Arshile Gorky and Jack Whitten Hauser & Wirth / Online by

by July 16, 2020

“The stuff of thought is the seed of the artist. Dreams form the bristles of the artist’s brush,” said Arshile Gorky, the Armenian-American painter who played a pivotal role in the shift to abstraction that transformed the twentieth century, bridging surrealism and abstract expressionism. Influenced by Impressionism and Paul Cézanne, Gorky went on to experiment with his inner feelings, choreographing them into shapes, textures, and colors, in what would become a new form of art, along with Rothko, de Kooning, and Pollock. One of his great admirers, African American painter Jack Whitten, wrote: “Arshile Gorky was my first love in painting… it was Gorky who first excited my imagination.” Whitten also uses his paintings to portray “structured feelings,” which are grounded, like Gorky, in the contemplation of nature. This connection and similar practice brought Hauser & Wirth to present a dual exhibition from both painters.
Marc Payot, president of Hauser & Wirth, told us “even though they occupied opposite ends of the twentieth century, these two artists shared a kinship across time. We wanted to explore that kinship — that rare and extraordinary way in which both artists were able to engineer artistic breakthroughs, their relationship to color and new means of abstraction — by putting their work in dialogue.” There are other similarities between the two artists. Both felt estranged and distressed by their country: Gorky suffered from the Armenian genocide, while Whitten, an African American man born in Alabama, experienced the cruelty and brutality of racism in the South. Both traumatized, they turned toward nature to recreate a harmonious world. During the opening dinner for “Ardent Nature: Arshile Gorky Landscapes, 1943–47,” the first Gorky show at Hauser & Wirth in New York, mounted in 2017, Jack Whitten raised a toast to Gorky: “I found out that Gorky and I have a lot to share. I too came from a diaspora. I too have suffered at the hands of man’s inhumanity to man. Gorky knew how, what this does of the psyche. He knew about suffering. He knew about passion. How do I come to that? I know it, because at this point in my life I can read it in the color structure.” The color structure contains the life of its creator, with his aspirations, traumas, and resilience. The most striking part of their respective bodies of work lies in the profusion of colors and living shapes, which are the materialization of dreams and thoughts swirling, hoping, sparkling, colliding, exploding on the canvas — the dance of their spirit.

They do not offer a photograph of their inner mind, but instead invite us to experience a feast of textures, shapes, colors, and movement, all induced by a buoyant perception of nature, removed from connotations and context. Gorky went to live and paint in Crooked Run Farm in Connecticut, whereas Whitten lived and worked in Crete. Whitten once said, “The scent of fresh-sawed pine logs, fresh sugarcane, mulberries, wild blackberries, huckleberries, plums, watermelons, persimmons, wild grapes, and muscadine are all alive and active through sense memory.” This cornucopia exists in Garden in Bessemer VI (1968), which was directly influenced by Gorky’s Garden in Sochi (1941, not featured in the exhibition). Whitten’s toast continues: “The colors that we find in a Gorky painting, you will not find those colors on a color chart. They don’t exist in writing. That’s not where they come from. You’re witnessing something that comes from the deep soul of an artist. Someone who has a knowledge of history, someone who has studied history, someone who knows every color in the book. Someone who can produce his own light at will.” Gorky’s palette is indeed soothing and deeply personal. It is also fluctuating: here, a dusty, ghostly gray (Gray Drawing for Pastoral, 1946–47) that looks like an old parchment describing mysterious life forms, or like rust scarring a car body, or blood on a shroud; here, a light, luminous peachy pink, hovering like radiant mist at dawn (Untitled, c. 1947–48); or here, airy, sparse, soft greens and warms colors applied like a map of a metaphorical landscape. Whitten’s palette is also extremely effervescent and vibrant. In King’s Wish (Martin Luther’s Dream) from 1968, he paints an explosion of tones, warm as a flower garden in full bloom. But Whitten offers the possibility of perspective (in NY Battle Ground of 1967, for example), whereas Gorky strictly offers two dimensions, reminiscent of Miró’s playful paintings. Whitten’s masterpiece of the show is arguably Quantum Wall, VIII (For Arshile Gorky, My First Love in Painting) painted in 2017, shortly before his death. With Quantum Wall, Whitten openly celebrates Gorky, paying homage to the art that prompted him to paint and use his emotions as his color palette, coming full circle.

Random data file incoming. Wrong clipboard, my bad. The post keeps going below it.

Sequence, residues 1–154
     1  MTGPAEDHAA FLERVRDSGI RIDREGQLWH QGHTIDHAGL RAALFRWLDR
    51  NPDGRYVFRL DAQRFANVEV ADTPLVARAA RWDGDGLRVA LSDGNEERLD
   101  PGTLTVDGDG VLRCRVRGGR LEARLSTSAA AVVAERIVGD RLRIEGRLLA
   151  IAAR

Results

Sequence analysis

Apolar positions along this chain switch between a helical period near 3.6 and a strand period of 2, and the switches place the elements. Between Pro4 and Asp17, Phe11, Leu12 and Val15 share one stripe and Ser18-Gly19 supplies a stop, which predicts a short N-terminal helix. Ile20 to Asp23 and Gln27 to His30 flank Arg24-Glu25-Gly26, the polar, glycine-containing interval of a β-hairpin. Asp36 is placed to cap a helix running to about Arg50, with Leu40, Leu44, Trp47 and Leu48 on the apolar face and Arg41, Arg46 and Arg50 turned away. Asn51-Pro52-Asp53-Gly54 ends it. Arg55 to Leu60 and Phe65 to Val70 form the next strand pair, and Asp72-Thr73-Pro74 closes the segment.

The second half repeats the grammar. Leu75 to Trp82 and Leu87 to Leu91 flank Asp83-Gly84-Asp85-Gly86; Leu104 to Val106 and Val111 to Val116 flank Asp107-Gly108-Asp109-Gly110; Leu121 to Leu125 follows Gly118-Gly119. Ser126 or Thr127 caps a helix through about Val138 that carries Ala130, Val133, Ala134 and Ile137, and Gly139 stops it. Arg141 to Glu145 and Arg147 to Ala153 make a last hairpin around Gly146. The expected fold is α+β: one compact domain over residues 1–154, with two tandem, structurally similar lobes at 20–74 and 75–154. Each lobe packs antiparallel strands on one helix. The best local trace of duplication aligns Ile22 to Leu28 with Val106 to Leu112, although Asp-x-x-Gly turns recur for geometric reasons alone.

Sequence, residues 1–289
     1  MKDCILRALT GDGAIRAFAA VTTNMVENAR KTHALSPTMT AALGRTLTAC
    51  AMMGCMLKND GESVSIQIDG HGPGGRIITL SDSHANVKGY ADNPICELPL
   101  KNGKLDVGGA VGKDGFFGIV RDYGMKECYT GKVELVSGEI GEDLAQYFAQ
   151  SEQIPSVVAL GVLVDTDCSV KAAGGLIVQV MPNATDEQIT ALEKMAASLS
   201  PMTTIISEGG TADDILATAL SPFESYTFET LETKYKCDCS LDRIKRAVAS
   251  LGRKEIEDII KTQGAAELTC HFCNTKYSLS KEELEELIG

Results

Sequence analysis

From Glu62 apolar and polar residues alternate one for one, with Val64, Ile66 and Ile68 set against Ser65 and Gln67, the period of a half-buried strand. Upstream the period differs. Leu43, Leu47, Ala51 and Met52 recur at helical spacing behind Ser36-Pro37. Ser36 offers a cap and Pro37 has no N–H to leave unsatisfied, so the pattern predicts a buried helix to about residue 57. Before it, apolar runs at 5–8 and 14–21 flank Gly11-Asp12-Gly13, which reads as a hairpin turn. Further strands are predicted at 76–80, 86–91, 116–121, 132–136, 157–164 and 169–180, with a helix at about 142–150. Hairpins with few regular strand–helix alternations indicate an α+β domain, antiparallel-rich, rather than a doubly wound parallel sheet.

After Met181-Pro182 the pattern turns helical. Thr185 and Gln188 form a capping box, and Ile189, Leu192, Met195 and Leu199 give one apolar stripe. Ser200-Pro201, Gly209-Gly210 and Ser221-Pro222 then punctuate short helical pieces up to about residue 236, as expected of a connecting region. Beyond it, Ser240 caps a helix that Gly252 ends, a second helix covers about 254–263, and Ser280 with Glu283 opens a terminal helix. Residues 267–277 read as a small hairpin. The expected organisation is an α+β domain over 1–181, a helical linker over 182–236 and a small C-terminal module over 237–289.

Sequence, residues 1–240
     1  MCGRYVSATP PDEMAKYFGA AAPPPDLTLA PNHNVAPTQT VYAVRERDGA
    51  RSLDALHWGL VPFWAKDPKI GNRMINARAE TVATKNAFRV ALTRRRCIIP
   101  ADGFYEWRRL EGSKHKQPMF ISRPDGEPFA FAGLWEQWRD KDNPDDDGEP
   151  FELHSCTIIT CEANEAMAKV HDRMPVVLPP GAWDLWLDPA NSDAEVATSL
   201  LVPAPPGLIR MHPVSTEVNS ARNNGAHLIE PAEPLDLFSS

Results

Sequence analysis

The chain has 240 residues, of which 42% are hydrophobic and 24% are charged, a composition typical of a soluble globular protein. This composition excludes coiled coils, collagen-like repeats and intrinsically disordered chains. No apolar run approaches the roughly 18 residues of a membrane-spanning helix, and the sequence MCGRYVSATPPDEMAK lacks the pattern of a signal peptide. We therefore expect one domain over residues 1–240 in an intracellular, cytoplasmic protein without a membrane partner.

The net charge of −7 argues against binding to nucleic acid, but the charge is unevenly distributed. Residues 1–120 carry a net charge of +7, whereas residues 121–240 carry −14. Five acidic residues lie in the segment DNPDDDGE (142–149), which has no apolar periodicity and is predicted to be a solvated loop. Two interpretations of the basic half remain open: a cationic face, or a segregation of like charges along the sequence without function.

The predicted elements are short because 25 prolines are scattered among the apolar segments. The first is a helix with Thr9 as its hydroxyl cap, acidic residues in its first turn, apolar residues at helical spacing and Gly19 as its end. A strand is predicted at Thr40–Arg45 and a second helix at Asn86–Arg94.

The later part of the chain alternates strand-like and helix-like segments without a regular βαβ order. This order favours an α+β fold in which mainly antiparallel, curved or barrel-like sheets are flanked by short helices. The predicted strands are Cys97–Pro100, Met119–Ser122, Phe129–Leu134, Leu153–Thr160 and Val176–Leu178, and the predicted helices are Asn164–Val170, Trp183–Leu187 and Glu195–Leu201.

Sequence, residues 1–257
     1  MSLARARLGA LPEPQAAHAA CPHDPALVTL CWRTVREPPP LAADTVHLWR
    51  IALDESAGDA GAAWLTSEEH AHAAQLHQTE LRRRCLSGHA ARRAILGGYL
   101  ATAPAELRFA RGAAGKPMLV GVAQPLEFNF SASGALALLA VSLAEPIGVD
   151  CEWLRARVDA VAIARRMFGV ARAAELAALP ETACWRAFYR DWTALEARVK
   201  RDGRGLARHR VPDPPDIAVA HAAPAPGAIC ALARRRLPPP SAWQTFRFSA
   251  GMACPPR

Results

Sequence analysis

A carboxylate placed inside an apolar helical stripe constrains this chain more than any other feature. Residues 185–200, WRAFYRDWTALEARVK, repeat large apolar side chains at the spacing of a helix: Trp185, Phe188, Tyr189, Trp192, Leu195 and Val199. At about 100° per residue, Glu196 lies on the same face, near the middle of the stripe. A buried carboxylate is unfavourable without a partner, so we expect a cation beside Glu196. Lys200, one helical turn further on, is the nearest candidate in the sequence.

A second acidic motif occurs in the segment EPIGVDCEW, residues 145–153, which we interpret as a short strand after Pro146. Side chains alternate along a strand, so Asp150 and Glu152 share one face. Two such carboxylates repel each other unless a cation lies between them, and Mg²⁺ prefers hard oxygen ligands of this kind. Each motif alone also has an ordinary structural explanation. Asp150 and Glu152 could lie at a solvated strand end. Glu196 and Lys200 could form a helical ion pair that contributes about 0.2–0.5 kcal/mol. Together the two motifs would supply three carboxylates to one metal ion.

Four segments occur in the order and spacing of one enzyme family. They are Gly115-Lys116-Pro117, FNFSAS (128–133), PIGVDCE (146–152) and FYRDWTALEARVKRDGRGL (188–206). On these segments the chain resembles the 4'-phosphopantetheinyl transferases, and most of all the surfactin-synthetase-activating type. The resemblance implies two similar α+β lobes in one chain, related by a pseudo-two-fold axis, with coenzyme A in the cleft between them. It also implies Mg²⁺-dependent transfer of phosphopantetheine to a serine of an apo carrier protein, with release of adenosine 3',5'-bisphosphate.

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Alexandre Stipanovich